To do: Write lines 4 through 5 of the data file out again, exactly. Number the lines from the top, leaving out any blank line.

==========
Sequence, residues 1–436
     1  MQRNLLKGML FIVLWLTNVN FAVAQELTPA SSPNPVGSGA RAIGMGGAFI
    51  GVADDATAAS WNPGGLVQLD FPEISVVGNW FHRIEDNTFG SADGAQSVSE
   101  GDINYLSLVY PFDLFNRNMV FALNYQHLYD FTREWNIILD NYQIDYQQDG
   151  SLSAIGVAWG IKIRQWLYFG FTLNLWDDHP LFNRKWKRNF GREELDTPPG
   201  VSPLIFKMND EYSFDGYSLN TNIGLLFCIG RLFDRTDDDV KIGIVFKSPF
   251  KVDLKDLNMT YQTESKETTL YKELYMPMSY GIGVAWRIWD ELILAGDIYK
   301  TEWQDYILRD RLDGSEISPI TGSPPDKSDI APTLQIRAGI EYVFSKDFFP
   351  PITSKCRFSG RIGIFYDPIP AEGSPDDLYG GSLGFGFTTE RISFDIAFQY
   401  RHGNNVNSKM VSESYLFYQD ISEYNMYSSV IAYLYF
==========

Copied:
   101  GDINYLSLVY PFDLFNRNMV FALNYQHLYD FTREWNIILD NYQIDYQQDG
   151  SLSAIGVAWG IKIRQWLYFG FTLNLWDDHP LFNRKWKRNF GREELDTPPG